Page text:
Publication: Monitor Volume: 6 Issue: 43

The hegemonial aspirations unveiled by Russia’s acting head of state Vladimir Putin seem to have energized Red and pro-Russian groups in several Central Asian countries to advocate the accession of their countries to the Russia-Belarus Union. The base for this trend is primarily political, arising from local communist parties and Russian diaspora communities.

In Armenia, however, the trend is no longer confined to the Communist Party and leftist-ultranationalist groups, but also feeds on distorted perceptions of its national history. Last week, a multiparty initiative group–the “Russia-Belarus-Armenia Union”–was established in the Armenian parliament, made up of twenty-three deputies, including four Communists, four independents and three each from the governing Republican Party, the co-governing People’s Party, the Republicans’ satellite known as the Stability parliamentary group, and the Right and Accord party which belongs to Karabakh’s General Samvel Babaian (Noyan-Tapan, Snark, Armenpress, February 7-8, 22-23). The Communist Party, which has just reentered the Armenian government for the first time since 1990, is programatically committed to pulling the country into the Russia-Belarus Union and makes the unverified and probably exaggerated claim of having assembled more than a million signatures on a petition to that effect. Some of the holders of real power in Yerevan recently took steps toward setting up a military alliance of Armenia and Belarus, as an accompaniment to the Armenian-Russian military alliance. The embattled president, Robert Kocharian, opposes this trend but is taking care to avoid an exacerbation of the conflict with his political rivals. His cautiously stated position is that the issue of Armenia joining the Russia-Belarus Union is “not on the agenda at present” (Armenian Television, Armenpress, February 8-9; see the Monitor, January 20, February 14).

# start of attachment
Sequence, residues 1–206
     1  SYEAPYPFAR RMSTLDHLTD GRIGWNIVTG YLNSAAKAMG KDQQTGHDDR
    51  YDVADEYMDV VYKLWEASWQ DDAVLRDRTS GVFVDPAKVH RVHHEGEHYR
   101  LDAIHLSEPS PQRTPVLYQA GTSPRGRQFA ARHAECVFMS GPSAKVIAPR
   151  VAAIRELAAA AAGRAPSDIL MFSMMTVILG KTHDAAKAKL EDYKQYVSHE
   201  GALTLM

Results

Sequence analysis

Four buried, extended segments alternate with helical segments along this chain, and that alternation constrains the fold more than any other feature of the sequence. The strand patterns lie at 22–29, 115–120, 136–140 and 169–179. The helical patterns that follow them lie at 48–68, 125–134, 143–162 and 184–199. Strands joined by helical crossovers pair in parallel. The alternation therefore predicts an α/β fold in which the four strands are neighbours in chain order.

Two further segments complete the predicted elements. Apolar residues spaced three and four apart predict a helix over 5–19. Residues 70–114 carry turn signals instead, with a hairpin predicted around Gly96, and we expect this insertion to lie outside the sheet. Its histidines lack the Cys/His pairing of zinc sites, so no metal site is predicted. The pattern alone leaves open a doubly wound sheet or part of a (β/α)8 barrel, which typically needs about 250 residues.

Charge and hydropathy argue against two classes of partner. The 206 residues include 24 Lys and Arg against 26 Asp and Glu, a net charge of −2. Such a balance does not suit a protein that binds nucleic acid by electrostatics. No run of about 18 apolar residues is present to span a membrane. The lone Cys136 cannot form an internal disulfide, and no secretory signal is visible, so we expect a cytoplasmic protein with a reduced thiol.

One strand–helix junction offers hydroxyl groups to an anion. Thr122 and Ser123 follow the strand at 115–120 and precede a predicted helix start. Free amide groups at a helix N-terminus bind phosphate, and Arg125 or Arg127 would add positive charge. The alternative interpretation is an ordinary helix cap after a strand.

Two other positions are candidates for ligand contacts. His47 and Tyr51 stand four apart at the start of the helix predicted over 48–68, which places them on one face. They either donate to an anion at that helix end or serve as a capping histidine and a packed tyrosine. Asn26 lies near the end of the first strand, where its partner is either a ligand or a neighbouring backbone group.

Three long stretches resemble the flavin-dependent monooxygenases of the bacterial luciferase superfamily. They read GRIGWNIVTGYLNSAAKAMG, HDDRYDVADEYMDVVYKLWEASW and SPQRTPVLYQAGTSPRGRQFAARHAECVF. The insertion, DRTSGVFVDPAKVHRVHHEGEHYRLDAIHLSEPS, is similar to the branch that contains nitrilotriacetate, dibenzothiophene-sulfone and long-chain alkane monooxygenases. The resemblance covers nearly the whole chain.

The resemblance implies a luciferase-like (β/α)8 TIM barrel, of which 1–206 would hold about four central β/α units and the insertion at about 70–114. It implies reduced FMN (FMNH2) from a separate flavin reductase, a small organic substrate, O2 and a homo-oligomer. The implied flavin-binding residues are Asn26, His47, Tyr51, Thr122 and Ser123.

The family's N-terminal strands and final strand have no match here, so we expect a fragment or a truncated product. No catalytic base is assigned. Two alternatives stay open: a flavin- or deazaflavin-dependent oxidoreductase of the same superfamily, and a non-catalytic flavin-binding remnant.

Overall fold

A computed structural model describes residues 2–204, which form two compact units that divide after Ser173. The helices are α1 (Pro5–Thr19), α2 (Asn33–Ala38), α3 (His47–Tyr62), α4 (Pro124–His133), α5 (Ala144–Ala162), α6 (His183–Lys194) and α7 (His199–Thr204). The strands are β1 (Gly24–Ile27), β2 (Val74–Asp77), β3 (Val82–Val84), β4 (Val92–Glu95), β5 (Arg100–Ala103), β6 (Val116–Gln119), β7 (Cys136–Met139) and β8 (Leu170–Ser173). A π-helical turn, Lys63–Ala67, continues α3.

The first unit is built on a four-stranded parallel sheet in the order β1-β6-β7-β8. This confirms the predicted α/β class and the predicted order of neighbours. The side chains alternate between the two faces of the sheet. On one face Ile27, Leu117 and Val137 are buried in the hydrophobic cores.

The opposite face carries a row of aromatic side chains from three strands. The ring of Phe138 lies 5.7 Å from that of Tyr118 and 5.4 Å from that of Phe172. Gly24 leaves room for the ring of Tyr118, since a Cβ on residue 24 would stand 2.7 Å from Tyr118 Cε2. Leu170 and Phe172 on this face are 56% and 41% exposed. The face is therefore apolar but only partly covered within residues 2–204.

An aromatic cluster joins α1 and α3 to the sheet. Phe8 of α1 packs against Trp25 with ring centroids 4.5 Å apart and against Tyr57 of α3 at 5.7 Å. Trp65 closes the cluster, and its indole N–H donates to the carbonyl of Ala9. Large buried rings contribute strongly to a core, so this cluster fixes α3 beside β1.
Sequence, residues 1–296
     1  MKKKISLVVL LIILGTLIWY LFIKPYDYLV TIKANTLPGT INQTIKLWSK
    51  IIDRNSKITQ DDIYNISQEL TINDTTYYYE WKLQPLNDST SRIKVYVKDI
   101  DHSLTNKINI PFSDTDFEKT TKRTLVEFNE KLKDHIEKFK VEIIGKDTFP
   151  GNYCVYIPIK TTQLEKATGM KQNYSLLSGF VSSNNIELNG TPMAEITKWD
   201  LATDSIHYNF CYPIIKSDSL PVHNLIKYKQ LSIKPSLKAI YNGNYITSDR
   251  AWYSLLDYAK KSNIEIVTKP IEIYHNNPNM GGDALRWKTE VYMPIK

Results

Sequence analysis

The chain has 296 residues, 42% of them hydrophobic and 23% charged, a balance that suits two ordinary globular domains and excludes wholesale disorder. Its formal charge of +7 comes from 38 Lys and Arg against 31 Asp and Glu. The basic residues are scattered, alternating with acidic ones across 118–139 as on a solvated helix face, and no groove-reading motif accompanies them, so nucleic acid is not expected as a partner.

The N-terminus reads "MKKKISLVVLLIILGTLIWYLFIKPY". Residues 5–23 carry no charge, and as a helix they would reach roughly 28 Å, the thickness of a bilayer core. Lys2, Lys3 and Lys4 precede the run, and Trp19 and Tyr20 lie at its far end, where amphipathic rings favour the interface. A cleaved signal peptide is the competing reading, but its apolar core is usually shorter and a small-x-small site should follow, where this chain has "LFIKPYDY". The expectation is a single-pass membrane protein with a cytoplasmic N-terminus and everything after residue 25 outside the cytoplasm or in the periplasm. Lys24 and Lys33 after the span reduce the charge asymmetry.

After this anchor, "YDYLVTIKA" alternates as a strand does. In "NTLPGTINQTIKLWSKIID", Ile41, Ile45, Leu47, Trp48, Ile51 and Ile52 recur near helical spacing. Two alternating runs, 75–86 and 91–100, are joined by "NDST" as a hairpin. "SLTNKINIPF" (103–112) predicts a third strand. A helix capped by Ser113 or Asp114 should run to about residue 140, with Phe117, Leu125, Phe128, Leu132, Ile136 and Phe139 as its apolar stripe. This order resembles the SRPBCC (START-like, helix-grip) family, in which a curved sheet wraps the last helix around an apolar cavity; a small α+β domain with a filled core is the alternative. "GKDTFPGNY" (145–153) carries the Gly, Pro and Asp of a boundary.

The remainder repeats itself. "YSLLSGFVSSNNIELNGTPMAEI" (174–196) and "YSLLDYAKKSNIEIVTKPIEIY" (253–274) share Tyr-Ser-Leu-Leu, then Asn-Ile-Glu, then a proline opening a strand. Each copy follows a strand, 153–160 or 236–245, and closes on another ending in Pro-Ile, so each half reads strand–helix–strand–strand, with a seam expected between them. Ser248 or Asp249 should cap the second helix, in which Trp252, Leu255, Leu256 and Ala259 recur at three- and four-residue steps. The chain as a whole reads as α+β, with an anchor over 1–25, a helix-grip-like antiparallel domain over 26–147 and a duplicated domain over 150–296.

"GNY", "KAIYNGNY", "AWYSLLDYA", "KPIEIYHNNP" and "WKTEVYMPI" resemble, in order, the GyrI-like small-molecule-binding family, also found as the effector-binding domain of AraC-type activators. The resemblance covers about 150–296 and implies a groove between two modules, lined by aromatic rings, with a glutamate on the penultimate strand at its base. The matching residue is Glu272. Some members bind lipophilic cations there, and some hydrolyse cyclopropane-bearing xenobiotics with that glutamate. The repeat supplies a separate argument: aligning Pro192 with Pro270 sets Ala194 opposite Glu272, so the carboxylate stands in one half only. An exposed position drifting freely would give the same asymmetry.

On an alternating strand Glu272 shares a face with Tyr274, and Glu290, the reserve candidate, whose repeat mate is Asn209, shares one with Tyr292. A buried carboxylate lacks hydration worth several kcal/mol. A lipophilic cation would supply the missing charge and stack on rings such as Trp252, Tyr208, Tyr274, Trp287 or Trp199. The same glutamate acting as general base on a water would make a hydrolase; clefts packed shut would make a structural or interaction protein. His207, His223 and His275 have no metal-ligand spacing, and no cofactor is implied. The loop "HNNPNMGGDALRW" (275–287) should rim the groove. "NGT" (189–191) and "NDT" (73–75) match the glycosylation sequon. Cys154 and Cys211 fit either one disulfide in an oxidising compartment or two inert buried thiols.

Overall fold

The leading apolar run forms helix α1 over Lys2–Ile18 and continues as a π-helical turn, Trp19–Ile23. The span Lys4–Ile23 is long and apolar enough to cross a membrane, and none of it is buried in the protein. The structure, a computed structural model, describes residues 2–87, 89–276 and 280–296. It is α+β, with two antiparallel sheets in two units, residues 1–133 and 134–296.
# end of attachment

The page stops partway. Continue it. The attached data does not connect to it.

In Kyrgyzstan and Tajikistan, the communist parties included the goal of joining the Russia-Belarus Union in their respective programs for the parliamentary elections being held this month. The Communist slates of candidates won first place in Kyrgyzstan and second in Tajikistan (Itar-Tass, KyrgyzKabar, Asia-Plus, February 21-29; see Monitor, February 17, 28). Tajik President Imomali Rahmonov initially espoused the goal, but then muted it after Moscow indicated that a basket-case country is not welcome in the union.

In Kazakhstan, an opposition alliance of Soviet-nostalgic and Russian nationalist groups campaigns for holding a referendum on the subject of Kazakhstan joining the Russia-Belarus Union. These groups include the Communist Party, the LAD Slavic movement, the Union of Russian, Slavic and Cossack Associations and others, some of these being allied with the People’s Republican Party of the expatriate former Prime Minister Akezhan Kazhegeldin. These groups–who recently sponsored appeals to the presidents of Russia and Belarus–have just announced a signature-gathering initiative for a national referendum in Kazakhstan on joining that Union. President Nursultan Nazarbaev and law-enforcement authorities are using strong terms in trying to discourage such initiatives (Itar-Tass, Habar, January 20-21, February 7, 17-18, 28; see also Kazakhstan story in this issue).

This trend is nonexistent or negligible in the other CIS countries and has registered a significant setback in Ukraine, where the recent reelection of President Leonid Kuchma has taken the wind out of the sails of Ukraine’s Communist Party and other leftist groups espousing that goal.